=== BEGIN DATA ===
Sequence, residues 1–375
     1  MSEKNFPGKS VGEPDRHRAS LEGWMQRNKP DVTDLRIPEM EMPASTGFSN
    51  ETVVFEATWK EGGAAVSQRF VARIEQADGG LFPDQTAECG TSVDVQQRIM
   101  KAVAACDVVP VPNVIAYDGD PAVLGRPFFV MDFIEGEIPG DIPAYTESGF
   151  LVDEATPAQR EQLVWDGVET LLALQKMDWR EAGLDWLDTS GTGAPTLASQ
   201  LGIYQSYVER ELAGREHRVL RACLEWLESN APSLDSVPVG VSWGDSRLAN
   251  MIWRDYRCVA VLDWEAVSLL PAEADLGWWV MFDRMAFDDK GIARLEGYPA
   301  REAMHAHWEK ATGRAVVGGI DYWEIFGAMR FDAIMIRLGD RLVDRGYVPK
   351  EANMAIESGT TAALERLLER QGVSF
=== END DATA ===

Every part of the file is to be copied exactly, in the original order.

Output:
Sequence, residues 1–375
     1  MSEKNFPGKS VGEPDRHRAS LEGWMQRNKP DVTDLRIPEM EMPASTGFSN
    51  ETVVFEATWK EGGAAVSQRF VARIEQADGG LFPDQTAECG TSVDVQQRIM
   101  KAVAACDVVP VPNVIAYDGD PAVLGRPFFV MDFIEGEIPG DIPAYTESGF
   151  LVDEATPAQR EQLVWDGVET LLALQKMDWR EAGLDWLDTS GTGAPTLASQ
   201  LGIYQSYVER ELAGREHRVL RACLEWLESN APSLDSVPVG VSWGDSRLAN
   251  MIWRDYRCVA VLDWEAVSLL PAEADLGWWV MFDRMAFDDK GIARLEGYPA
   301  REAMHAHWEK ATGRAVVGGI DYWEIFGAMR FDAIMIRLGD RLVDRGYVPK
   351  EANMAIESGT TAALERLLER QGVSF